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Prior Knowledge

Sunday, September 25, 2005

Sticking to a deal

The election result has left New Zealand First holding the balance of power. One of its policies is to remove all mention of the Treaty of Waitangi from New Zealand law.

Such a policy is sometimes defended on the grounds that the treaty was made so long ago that it is no longer relevant. Since the circumstances of the mid-19th century are so different to those of today how can a document from then matter to us today?

This thought is sometimes reinforced by pointing out that people today are not obligated to make up for wrongs committed by their ancestors. If my great-grandfather insulted your great-grandfather, I do not owe you an apology. So how can it matter to New Zealanders today that the treaty was not adhered to after it was signed?

This line of argument is mistaken but the response often given to it by defenders of the treaty is equally mistaken. That response is to say that the treaty somehow embodies principles for biculturalism that are still relevant today for regulating interaction between Maori and Pakeha.

This is open to the criticisms that it is far from clear what the principles embodied in the treaty are, that figuring out what they are involves much creative interpretation, and that the result will be confusion and judges having too much power.

And these, of course, are precisely the problems that New Zealand First's policy is intended to address. Even if all these difficulties could be overcome, there is still a further problem with the response: if these are good principles for Maori-Pakeha relations then what does it matter whether they are embodied in a 165-year-old treaty or not? Good principles are good principles, so even if the treaty had never occurred the principles should be applied anyway. So what relevance is the treaty?

In contrast to this principle-based answer, a better response to criticisms of the treaty is to make a contract- based answer. Contracts are not merely legal arrangements, they are moral ones too. If I suddenly found myself on another planet with another being whom I did not share any legal system with, it would still possible for us to agree to help each other out and this agreement would create rights and obligations for both of us. Parties to a contract are morally bound to the terms of the contract.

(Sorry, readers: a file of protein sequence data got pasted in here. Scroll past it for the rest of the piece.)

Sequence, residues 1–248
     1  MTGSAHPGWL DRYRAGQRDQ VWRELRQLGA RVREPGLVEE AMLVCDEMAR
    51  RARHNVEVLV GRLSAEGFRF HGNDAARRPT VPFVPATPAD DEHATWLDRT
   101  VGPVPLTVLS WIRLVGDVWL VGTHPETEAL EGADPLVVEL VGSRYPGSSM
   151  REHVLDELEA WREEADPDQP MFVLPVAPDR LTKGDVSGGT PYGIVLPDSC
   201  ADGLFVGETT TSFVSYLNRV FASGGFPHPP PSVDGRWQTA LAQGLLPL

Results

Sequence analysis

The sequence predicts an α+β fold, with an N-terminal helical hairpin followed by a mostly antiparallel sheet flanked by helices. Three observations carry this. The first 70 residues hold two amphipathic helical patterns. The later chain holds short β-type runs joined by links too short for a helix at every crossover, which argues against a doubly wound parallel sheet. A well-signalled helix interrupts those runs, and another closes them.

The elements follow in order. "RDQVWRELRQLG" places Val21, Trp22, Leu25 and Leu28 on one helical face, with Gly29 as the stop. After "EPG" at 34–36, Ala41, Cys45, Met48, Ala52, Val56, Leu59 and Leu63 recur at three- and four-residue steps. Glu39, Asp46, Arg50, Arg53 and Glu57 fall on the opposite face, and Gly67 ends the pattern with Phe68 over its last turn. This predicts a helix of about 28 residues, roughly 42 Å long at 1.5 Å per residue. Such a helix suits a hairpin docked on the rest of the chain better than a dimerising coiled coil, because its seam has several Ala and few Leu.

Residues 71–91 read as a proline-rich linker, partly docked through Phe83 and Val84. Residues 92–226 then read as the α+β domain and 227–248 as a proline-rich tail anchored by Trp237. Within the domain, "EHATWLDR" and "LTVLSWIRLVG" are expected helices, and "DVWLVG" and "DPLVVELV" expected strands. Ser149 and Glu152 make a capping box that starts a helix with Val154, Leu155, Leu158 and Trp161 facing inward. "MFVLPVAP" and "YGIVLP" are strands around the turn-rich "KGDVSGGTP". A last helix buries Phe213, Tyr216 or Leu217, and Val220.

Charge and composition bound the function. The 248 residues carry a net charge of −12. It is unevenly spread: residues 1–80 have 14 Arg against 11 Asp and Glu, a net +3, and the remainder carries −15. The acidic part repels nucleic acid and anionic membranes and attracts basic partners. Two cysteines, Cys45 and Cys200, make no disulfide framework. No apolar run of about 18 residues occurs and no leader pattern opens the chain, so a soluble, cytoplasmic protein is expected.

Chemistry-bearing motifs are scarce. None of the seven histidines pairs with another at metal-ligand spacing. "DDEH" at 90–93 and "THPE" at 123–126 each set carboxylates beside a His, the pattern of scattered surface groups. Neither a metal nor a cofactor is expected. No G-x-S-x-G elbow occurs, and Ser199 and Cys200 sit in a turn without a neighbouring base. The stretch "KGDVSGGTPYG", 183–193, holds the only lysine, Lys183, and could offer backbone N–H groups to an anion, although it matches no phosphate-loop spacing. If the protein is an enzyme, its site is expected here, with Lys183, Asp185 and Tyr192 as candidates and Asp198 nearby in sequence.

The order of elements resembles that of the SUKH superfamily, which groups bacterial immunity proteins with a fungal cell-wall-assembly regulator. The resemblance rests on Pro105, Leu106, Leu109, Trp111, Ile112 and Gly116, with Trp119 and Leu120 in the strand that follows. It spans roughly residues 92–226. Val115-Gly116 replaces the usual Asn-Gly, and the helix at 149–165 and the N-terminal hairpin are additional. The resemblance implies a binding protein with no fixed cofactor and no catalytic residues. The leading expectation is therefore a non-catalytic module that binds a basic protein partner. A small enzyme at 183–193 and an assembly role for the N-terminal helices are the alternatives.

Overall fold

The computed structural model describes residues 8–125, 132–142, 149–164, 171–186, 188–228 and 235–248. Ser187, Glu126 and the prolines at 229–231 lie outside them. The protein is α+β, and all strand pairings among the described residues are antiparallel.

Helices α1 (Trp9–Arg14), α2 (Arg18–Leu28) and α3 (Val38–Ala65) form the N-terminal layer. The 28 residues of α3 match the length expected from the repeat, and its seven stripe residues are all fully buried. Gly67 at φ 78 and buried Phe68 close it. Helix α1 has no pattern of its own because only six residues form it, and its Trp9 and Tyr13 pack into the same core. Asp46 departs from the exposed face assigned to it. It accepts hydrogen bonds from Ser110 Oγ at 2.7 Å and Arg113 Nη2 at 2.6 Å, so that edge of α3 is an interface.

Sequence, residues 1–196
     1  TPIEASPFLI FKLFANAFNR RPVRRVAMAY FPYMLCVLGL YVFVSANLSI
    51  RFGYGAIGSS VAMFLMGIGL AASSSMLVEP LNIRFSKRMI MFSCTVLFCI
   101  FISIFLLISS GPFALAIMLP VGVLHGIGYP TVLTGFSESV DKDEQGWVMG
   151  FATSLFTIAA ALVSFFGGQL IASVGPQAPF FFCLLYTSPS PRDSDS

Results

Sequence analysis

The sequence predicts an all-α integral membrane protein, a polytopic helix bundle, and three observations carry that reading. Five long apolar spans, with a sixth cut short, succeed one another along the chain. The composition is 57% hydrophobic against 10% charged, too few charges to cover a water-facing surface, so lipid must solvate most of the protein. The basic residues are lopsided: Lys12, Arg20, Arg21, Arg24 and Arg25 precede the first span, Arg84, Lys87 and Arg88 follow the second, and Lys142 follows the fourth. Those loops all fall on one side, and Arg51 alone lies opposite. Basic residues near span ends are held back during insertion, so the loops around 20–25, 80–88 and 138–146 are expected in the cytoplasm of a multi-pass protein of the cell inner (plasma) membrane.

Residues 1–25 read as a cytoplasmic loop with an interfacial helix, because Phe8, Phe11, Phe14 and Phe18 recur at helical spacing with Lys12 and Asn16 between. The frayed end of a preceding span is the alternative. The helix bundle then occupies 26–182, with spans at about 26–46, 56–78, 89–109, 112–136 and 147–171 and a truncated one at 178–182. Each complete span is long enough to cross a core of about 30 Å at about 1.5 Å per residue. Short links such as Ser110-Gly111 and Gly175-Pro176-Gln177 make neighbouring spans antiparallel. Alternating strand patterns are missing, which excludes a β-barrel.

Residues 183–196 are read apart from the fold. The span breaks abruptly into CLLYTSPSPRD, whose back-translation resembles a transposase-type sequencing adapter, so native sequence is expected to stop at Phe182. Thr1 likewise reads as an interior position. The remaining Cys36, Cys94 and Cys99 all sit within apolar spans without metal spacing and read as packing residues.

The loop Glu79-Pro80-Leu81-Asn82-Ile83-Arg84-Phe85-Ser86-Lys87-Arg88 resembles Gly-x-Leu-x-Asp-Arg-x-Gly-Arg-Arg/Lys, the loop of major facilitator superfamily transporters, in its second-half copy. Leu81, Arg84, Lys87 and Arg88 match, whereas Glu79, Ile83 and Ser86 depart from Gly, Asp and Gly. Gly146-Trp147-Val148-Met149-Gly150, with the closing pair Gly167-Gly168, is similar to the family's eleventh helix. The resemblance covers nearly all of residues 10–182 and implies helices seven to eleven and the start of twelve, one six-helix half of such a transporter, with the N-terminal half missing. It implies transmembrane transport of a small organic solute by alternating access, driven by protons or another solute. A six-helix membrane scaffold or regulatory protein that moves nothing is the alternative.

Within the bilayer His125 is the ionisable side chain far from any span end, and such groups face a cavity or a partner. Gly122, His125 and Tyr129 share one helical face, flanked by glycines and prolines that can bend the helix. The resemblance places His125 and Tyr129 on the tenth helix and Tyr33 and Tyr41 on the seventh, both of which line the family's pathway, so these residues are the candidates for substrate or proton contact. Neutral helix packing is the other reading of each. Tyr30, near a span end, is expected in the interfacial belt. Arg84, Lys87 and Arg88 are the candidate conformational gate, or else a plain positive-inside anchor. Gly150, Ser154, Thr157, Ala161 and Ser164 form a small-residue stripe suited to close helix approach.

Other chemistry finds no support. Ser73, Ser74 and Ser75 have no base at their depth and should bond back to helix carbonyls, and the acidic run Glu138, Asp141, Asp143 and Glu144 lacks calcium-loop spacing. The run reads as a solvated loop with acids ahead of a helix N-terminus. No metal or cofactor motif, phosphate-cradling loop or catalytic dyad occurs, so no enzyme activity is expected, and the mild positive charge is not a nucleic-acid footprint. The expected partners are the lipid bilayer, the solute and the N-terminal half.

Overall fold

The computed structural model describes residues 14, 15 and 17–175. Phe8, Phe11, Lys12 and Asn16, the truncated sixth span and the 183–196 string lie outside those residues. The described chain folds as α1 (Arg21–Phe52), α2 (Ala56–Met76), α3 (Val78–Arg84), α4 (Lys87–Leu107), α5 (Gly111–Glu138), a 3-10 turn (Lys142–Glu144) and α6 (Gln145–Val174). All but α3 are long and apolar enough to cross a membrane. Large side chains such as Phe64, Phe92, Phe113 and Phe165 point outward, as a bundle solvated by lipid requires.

Contracts also bind over time and as circumstances change. If two parties agree to exchange resources several years from now, it is no good if, when the time comes, one of the parties says "but that was several years ago – what does it matter today"?

Part of the point of agreements is that they enable people to make arrangements that persist over time.

Similarly for changed circumstances. If I agreed to give you a lift in my car I ought to do so even if something else I'd rather do instead has arisen in the meantime.

Associations can also be parties to contracts. A Doctor Who appreciation society might make an agreement with a Star Trek fan club to support each other so that a low-point of popularity for Star Trek during a Doctor Who revival, or vice versa, need not spell doom for either. This agreement remains binding even when one side perceives that it is shouldering a greater burden than the other.

The crucial point is that the agreement remains even though the individual members of the clubs change. This then is the relevance of the treaty today. It is an agreement between several associations to establish a common authority while at the same time limiting the power of that authority. Since these associations persist over time, members of those associations today should keep to the terms of the agreement.

Thursday, September 15, 2005

Affirmative Action at TPM

The Philosophers' Magazine has an interesting and well-argued article up on the topic of affirmative action, written by our very own Simon Clarke. Go read it!

After rejecting three common justifications for affirmative action, Simon offers a variant of the 'role-model' argument:
Racial minorities should be given some advantages, even if the beneficiaries of those policies come from the wealthy middle class and even if they are not the ones who can specifically be said to have suffered racial discrimination in the past. They should receive such advantages in order to achieve the conditions for real equality of opportunity. People need to know that they can achieve goals in society. Sending that message helps encourage the belief that opportunities really are open to them, that the rooms that may have once held them captive have been unlocked. It helps bring about real equality of opportunity.

I very much agree with Simon about the importance of people recognizing that opportunities are available to them. When a teacher at Aranui high school asked a student where he thought he'd be in five years time, the student answered, straightforwardly, "Prison." That's where all his older male relatives were, so he didn't see any other options as being genuinely open to him. These social circumstances are tragic, and it would certainly be desirable to change them.